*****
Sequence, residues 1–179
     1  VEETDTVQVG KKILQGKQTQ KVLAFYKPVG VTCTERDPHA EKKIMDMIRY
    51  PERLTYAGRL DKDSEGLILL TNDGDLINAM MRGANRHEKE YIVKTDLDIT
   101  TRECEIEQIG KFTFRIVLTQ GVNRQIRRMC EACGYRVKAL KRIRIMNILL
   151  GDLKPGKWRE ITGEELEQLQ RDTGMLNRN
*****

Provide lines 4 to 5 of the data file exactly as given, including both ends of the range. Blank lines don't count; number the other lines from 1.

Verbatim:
   101  TRECEIEQIG KFTFRIVLTQ GVNRQIRRMC EACGYRVKAL KRIRIMNILL
   151  GDLKPGKWRE ITGEELEQLQ RDTGMLNRN